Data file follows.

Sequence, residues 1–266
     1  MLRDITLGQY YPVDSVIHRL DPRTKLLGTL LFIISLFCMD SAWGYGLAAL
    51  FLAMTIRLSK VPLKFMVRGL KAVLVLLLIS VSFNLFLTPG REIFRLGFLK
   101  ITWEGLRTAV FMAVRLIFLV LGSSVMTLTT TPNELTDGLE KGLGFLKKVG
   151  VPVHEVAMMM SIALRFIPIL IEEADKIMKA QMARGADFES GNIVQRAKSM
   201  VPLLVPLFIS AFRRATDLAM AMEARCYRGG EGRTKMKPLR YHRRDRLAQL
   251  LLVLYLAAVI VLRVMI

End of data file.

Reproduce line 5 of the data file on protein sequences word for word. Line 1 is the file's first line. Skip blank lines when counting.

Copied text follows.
   151  VPVHEVAMMM SIALRFIPIL IEEADKIMKA QMARGADFES GNIVQRAKSM